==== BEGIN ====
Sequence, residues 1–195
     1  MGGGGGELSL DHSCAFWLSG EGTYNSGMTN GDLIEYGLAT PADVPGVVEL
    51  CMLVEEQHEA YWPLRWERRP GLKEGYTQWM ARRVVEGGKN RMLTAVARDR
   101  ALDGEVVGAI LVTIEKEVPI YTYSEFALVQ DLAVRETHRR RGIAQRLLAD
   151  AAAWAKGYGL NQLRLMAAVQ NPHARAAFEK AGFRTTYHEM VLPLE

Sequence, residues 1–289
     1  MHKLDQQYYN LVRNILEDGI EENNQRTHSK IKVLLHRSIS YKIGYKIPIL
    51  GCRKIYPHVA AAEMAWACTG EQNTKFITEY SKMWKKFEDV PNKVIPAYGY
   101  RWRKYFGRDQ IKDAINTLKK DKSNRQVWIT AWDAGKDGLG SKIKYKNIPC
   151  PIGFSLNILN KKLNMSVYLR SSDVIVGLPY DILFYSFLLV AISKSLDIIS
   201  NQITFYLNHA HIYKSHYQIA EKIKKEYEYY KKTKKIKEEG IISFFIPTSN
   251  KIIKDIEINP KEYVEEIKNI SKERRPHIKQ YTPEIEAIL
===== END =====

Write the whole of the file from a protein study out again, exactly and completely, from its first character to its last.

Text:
Sequence, residues 1–195
     1  MGGGGGELSL DHSCAFWLSG EGTYNSGMTN GDLIEYGLAT PADVPGVVEL
    51  CMLVEEQHEA YWPLRWERRP GLKEGYTQWM ARRVVEGGKN RMLTAVARDR
   101  ALDGEVVGAI LVTIEKEVPI YTYSEFALVQ DLAVRETHRR RGIAQRLLAD
   151  AAAWAKGYGL NQLRLMAAVQ NPHARAAFEK AGFRTTYHEM VLPLE

Sequence, residues 1–289
     1  MHKLDQQYYN LVRNILEDGI EENNQRTHSK IKVLLHRSIS YKIGYKIPIL
    51  GCRKIYPHVA AAEMAWACTG EQNTKFITEY SKMWKKFEDV PNKVIPAYGY
   101  RWRKYFGRDQ IKDAINTLKK DKSNRQVWIT AWDAGKDGLG SKIKYKNIPC
   151  PIGFSLNILN KKLNMSVYLR SSDVIVGLPY DILFYSFLLV AISKSLDIIS
   201  NQITFYLNHA HIYKSHYQIA EKIKKEYEYY KKTKKIKEEG IISFFIPTSN
   251  KIIKDIEINP KEYVEEIKNI SKERRPHIKQ YTPEIEAIL